Florida residents who assume that it is only the younger generation who drives distracted may be interested in the results of a study conducted by Volvo and the Harris Poll. Thousands of participants were asked about the distracting activities they engage in behind the wheel. Just over 80 percent of millennials and Gen Xers admitted to phone use; this was followed by 71 percent of Generation Z, 64 percent of baby boomers and 59 percent of the Silent Generation.
Among specific activities, 60 percent admitted to texting and driving, 35 percent to reading emails, 25 percent to surfing the web and 20 percent to posting on social media. On the other hand, the participants clearly thought that other drivers were worse than they were — on average, they said that they believe more than 90 percent of other drivers text and read emails.
Just over 50 percent of those born between the mid-1990s and mid-2000s (Generation Z) feel that they are less capable of focusing on a single task than they were five years ago. Over half of all respondents feel the need to refocus and admit that they become anxious when they have too much to do. While 33 percent say that they try to refocus behind the wheel by driving in silence, 32 percent say they set their phones to “do not disturb.”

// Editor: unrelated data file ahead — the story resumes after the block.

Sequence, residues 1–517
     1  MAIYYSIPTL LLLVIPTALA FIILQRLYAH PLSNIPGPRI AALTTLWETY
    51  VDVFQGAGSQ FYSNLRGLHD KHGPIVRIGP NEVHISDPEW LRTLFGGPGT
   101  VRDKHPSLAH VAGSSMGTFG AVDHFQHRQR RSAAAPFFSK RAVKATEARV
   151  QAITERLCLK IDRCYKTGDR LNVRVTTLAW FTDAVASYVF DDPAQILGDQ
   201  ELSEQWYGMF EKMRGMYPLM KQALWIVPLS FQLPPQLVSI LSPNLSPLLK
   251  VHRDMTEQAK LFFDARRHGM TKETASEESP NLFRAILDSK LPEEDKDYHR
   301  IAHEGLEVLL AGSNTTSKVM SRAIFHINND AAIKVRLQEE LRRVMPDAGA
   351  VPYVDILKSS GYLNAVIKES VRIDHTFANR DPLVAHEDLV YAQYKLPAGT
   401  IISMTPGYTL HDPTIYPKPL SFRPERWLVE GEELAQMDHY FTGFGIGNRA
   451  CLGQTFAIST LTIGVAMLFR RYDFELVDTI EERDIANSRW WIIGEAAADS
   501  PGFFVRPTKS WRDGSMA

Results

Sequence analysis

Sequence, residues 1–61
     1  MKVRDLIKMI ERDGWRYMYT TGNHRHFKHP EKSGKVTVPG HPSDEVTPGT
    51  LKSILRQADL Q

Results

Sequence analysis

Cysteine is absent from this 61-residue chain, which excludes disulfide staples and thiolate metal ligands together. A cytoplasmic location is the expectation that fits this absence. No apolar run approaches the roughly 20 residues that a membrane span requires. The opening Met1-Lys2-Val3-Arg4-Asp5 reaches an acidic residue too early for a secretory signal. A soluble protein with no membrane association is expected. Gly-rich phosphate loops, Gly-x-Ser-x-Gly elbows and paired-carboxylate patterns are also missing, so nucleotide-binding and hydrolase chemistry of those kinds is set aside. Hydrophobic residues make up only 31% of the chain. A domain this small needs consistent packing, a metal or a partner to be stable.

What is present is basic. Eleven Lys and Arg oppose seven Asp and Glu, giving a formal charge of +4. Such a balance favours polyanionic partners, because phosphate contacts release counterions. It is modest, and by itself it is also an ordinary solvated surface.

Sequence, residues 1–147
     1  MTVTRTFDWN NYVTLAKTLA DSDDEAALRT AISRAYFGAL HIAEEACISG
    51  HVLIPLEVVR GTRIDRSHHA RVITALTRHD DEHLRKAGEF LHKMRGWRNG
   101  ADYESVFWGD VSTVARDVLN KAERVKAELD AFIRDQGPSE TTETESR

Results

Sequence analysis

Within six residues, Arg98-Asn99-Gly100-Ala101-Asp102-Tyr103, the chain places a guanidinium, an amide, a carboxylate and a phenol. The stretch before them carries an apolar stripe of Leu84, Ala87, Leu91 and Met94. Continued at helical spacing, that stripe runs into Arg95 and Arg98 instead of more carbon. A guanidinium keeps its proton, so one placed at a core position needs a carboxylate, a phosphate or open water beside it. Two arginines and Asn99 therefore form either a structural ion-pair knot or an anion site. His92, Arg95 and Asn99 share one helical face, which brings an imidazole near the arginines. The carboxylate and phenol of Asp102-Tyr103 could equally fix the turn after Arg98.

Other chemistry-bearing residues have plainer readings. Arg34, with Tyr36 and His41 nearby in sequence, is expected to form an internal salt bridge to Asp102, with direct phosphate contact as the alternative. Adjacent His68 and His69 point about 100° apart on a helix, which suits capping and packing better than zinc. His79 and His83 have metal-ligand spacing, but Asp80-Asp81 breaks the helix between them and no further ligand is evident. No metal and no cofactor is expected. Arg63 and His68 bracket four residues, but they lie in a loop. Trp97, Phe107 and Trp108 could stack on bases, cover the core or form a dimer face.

An accident victim who believes they have the grounds for a personal injury claim may want to hire a lawyer after they receive medical attention. If the other driver was using their phone at the time of the crash, the lawyer could bring in third-party experts to obtain the phone records and other pertinent evidence. The lawyer could then negotiate for a settlement covering past and future medical expenses, vehicle damage, lost wages and whatever else applies.